The IX: Soccer Monday with Annie M. Peterson for August 26, 2019

For y'all outside the PNW, here's a little background on the Iron Front thing and why it became a thing. Plus links and a few words from Rory Dames

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“We must take sides. Neutrality helps the oppressor, never the victim. — Elie Wiesel”

Thorns supporters came out strong yesterday against fascism, an act of defiance over a new Major League Soccer rule that bans certain political displays at games.

The Wiesel quote was prominently displayed in the North End.

So lets rewind a bit here, for those who may have just heard about all of this yesterday. Several weeks ago, the Seattle Sounders riled up supporters’ groups by banning flags with the Iron Front symbol, then explaining the move in a letter that associated “Iron Front” with antifa, the Proud Boys and another far-right group in the Pacific Northwest called Patriot Prayer.

The Iron Front symbol, three arrows facing down and to the left, was first used by a paramilitary group that resisted the Nazis. It has since been used to decry fascism in all forms. But it has also been displayed by some in the so-called antifa movement during violent clashes with those far-right groups.

The Sounders later apologized for equating the things (The Iron Front isn’t a group anymore, it’s an antifascist symbol, while Patriot Prayer and the Proud Boys are far-right extremist groups that have actually instigated violence).

But a Seattle right-wing radio host amplified the antifa aspect of the issue. And then a small group of extremists, some armed, confronted Emerald City Supporters during a March to the Match. They were apparently looking for antifa. But what they really wanted to do was goad random people into a fight, deceptively edit video of it to label them as the “real’’ thugs, then grift for contributions. Y’all know the “support our work against antifa by donating” schtick. We’re REALLY tired of it here in Portland.

At the same time, Timbers Army supporters were also protesting the ban. The hashtag #AUnitedFront started on Twitter, and other supporters’ groups nationwide helped spread it in solidarity.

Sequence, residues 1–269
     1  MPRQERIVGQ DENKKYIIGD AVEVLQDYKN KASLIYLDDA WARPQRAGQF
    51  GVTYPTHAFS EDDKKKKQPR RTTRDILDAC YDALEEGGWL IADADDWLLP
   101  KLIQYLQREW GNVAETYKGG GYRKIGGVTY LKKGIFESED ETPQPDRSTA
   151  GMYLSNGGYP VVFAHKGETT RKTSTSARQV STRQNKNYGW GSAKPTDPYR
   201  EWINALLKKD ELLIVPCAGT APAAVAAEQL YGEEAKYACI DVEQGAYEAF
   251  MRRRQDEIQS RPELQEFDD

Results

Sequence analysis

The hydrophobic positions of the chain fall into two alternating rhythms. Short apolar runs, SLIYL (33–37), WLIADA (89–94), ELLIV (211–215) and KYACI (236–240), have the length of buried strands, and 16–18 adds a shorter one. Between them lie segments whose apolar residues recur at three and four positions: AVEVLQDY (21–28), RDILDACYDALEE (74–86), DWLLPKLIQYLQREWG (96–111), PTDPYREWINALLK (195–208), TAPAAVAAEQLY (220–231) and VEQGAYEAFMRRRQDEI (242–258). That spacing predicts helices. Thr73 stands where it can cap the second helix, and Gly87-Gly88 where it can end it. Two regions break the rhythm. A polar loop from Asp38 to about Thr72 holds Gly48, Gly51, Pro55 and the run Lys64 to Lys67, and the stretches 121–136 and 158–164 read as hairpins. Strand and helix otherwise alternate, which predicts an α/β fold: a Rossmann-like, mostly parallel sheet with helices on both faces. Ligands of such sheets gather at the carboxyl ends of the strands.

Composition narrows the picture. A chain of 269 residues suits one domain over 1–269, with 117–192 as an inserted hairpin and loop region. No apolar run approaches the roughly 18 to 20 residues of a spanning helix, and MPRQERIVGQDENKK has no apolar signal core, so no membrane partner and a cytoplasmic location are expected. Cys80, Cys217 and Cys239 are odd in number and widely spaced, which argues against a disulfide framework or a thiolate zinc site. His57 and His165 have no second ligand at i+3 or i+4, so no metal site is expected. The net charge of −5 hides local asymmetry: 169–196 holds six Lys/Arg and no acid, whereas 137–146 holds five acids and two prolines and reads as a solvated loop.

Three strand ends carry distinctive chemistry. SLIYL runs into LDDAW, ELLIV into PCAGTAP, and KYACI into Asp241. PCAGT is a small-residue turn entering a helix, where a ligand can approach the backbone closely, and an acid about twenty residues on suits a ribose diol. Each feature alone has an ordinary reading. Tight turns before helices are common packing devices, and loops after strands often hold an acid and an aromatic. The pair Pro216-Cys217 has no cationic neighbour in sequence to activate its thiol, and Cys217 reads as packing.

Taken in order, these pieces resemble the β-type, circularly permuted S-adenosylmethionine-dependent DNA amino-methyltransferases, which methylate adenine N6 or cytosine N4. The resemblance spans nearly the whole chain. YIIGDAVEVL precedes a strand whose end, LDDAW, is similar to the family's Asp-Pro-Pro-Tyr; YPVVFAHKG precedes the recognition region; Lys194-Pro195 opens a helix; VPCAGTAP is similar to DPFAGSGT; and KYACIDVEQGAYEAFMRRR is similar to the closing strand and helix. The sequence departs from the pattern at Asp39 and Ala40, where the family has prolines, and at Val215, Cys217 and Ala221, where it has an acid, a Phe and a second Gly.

Prompted by the confrontational March to the Match and the quickly spreading hashtag, I wrote about the issue for AP a couple of weeks ago. My article is here.

The Timbers FO last week posted a letter to supporters seeking to clarify the issue, saying that while as an organization it is against fascism (which is good), it will continue to support the ban.

Here’s where the Thorns come in, in this section of the open letter:

“Some have asked why the Timbers are enforcing an MLS rule at NWSL and USL games. Neither league has a Supporter Code of Conduct. All of our operational staff for Providence Park games are the same. Having different rules for different teams creates confusion among staff and for fans alike. We also believe that what is allowed, for those wishing to trumpet opposition to fascism at MLS games, is also a fair and reasonable approach for Thorns and T2 games.”

At the Timbers’ match against the Sounders on Friday night, fans were silent for the first 33 minutes in protest of the ban. Then at yesterday’s Thorns match, there were numerous banners attacking fascism. And there was a small Iron Front banner that was attached to a capo stand that remained for the whole game.

So that leads us to this: I don’t really see MLS backing down on this. Worst-case scenario, if the ban is lifted it could lead to trolls coming to the stadiums and putting up “Trump 2020” banners. And lots of arenas ban political displays.

The debate here is whether the Iron Front symbol is political.

I’ll let you all decide what you think for yourselves. I’m going to be writing about it more, I’m sure, in the coming weeks. I just felt it was important to let you know some of the backstory about all of this, and why the Thorns have become involved, especially those of you outside the Pacific Northwest.

On to the links.

This Week in Women’s Soccer

Reminder: First, the underlined words are the links. Second. CLICK these, even if you’ve already read them. Clicks = Attention from editors, producers and webmasters. Third, if you want to push out stuff you’ve written or read, email me!

Washington Spirit majority owner Steve Baldwin has an idea: Pay the women more than the men.

Kim McCauley with a really nice story here on Stanford’s Catarina Macario.

May 2020 trial date set for the equal pay lawsuit. Alex Morgan talked to NPR about how she was hopeful about resolving the matter before then.

I wrote about the World Cup Bump for AP.